Case studies

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Swimming and bathing

Pre Industrial Britain

  • towns built at river crossing
  • everyone learnt to swim to servive
  • natural playground for recreation
  • supply of food, means of transport, place to wash

Post Industrial Britain

  • rivers polluted? unsuitable for washing
  • wealthy could afford bathrooms
  • public baths built to improve health
  • swimming baths 1st and 2nd class facilities
  • small fee to swim helped stop the spread of disease

Public Schools

  • 1. informal bathing in neutral facilities during summer
  • 2. regular/ regulated bathing thought beneficial for healthy lifestyle
  • 3. tech development, facilities developed, diving boards and competition

Today

  • reccomended as good for joints
  • imporved technology, hoists for disabled to get in pool
  • improved clothing
  • poor body image ipacts esteen therefore participation
  • entertainment, flumes, slides
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Football

Pre Industrial Britain

  • mob football, cruel, voilent, occasional, local, between neighbouring villages
  • few rules, tragic consequenses
  • declared illegal but continues today (ashbourne)

Post Industrial Britain

  • ex public school boys formed FA in 1863
  • before this soccor and rugby co existed
  • best players couldnt take time off work so FA accepted professtionalism in 1888

Public Schools

  • 1. mob games & first melting pot of activities from home
  • 2. more formalised rules and interhouse competitions
  • 3. teachnology developments became a way of settling disputes rather than fighting

Today

  • wide participation
  • media coverage
  • womans world cup
  • special clothing and equipment
  • cheaop simple accessable
  • played in most schools curricular and extra curricular, also in playgrounds
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Tennis

Pre Industrial Britain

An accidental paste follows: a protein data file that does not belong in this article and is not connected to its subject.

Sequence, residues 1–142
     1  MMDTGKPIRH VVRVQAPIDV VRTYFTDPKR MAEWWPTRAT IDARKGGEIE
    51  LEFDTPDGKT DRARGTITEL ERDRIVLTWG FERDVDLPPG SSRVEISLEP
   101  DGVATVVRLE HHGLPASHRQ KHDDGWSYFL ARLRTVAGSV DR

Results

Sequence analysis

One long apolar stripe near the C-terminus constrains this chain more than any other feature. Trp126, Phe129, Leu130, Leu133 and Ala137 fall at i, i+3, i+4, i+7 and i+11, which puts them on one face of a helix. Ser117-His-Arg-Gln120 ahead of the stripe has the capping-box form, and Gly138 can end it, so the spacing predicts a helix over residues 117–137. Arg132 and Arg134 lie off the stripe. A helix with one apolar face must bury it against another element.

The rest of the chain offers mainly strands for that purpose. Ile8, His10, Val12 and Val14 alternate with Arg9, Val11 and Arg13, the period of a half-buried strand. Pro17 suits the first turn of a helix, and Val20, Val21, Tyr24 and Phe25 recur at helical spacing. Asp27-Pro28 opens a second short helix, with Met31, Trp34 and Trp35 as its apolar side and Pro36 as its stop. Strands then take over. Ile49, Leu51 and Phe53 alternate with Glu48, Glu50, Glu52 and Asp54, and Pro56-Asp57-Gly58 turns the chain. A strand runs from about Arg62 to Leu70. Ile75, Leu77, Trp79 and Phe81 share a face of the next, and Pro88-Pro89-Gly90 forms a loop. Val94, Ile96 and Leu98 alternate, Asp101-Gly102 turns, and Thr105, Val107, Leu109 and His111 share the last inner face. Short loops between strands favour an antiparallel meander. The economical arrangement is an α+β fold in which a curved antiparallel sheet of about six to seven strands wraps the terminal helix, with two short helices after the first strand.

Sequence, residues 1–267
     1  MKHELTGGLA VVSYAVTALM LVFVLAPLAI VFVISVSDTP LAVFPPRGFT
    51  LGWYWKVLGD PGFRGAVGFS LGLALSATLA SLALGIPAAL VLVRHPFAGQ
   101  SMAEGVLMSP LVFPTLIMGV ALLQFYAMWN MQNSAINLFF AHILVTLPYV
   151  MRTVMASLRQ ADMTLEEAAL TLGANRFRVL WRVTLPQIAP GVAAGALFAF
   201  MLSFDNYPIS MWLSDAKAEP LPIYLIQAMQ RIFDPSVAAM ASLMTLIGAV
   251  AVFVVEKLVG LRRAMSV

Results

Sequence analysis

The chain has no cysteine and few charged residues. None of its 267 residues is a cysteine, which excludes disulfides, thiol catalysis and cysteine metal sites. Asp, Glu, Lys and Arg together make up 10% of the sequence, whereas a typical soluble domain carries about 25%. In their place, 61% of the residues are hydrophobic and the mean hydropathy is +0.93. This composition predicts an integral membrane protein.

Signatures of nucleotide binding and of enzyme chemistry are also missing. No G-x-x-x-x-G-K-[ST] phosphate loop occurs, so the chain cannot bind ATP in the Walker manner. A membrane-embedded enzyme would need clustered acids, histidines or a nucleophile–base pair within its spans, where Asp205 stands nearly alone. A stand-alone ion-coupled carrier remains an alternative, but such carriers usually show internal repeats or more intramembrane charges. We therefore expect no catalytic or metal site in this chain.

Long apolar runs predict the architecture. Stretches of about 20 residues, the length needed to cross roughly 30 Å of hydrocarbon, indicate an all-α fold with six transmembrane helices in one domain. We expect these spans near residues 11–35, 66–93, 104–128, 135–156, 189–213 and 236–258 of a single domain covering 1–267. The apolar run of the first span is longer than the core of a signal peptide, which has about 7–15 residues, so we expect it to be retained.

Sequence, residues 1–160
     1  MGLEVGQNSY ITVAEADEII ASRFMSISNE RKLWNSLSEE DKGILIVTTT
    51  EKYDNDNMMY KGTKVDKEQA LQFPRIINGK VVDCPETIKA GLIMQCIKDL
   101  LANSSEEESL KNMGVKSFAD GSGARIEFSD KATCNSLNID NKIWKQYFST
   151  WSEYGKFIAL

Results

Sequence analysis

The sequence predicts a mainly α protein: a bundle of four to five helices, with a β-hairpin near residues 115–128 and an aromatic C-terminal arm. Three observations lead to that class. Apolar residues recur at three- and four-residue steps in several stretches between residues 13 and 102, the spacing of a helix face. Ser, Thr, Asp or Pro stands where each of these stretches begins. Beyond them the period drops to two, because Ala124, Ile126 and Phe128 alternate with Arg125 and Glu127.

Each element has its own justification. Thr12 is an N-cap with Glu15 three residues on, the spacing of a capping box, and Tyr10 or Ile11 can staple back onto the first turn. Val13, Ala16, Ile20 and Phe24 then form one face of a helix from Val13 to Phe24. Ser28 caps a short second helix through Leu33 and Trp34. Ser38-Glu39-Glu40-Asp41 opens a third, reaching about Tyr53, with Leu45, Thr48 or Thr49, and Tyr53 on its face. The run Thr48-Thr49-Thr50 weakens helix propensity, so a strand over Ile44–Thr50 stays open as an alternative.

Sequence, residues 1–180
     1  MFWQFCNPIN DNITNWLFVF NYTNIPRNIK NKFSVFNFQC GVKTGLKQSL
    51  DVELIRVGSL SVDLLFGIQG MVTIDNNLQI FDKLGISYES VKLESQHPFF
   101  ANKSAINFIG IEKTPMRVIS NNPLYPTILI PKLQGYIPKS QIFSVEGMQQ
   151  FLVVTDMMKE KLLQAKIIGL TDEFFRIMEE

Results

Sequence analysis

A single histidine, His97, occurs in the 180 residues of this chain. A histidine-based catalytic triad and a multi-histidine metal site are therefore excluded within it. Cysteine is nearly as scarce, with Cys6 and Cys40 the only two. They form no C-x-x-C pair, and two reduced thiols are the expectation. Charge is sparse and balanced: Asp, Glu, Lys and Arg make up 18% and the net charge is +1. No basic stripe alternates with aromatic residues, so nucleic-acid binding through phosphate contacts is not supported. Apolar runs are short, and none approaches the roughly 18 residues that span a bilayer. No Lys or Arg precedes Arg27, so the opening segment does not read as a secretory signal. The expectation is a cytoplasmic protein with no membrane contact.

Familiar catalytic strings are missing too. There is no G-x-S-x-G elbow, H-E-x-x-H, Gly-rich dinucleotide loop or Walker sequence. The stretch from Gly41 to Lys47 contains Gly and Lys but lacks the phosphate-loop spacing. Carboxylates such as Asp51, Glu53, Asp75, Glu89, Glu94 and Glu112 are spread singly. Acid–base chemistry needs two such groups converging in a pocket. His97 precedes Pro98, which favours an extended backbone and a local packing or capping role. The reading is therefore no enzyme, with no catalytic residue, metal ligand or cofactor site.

• originated in france, became popular in Britain during 14th century
  • exclusive for kings and nobals
  • complex rules, high skill level
  • no voilence

Post Industrial Britain

  • lawn tennis for middle class as social experience
  • emancipation of women
  • not welcomed by public schools as took up too much space and dint require team work

Public Schools

  • introduced from tennis, fives
  • didnt become a national game but was popular in schools
  • allowed boys to exercise in the courtyard

Today

  • Focused clubs
  • mostly middle class
  • media coverage
  • technology advances e.g. austroturf
  • computer alternatives e.g. wii
  • summer game
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Athletics

Pre Industrial Britain

  • community events e.g. festivals, fairs and wakes were seen as the seeds from which athletics grew
  • basic simple unwritten rules
  • drinking and play closly associated
  • cheap to participate in
  • cheating was common and activity fell into dispute
  • associated attractions included hore racing

Post Industrial Britain

  • opportunities for working class
  • professtional athletics becoming established
  • lower class used running as source of income however winnings were low
  • furst purpose built track built
  • technological advances meant people could watch and wager

Public Schools

  • boys took sports of local village wakes back to schools after the holidays
  • played to relieve bordom
  • athletics sports day, headmaster proudly displayed school

Today

  • participation in jogging and running, cheap and simple.
  • increasing popularity of triathlon events
  • specalist coaches to minamize risk
  • lack of access to high level clubs determined by trials
  • not considered lifetime sport
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Cricket

Pre Industrial Britain

  • social classes play together
  • gentry employed estate workers as gardeners for cricket talent
  • clubs emerged from villages
  • interest from rich lead to standardisation of rules

Post Industrial Britian

  • William Clarke, entreprising cricketer
  • changed cricket from localised game to national success
  • upper class patronage of cricket declined so professionals looked elsewhere for employment
  • the Ashes widens knowledge and popularity

Public Schools

  • 1. non voilent, structured rules
  • 2. interhouse participation
  • 3. technological development
  • investment in equipment after success of William Clarke

Today

  • increased patricipation
  • 8,000 clubs in England
  • summer game in state schools
  • media coverage
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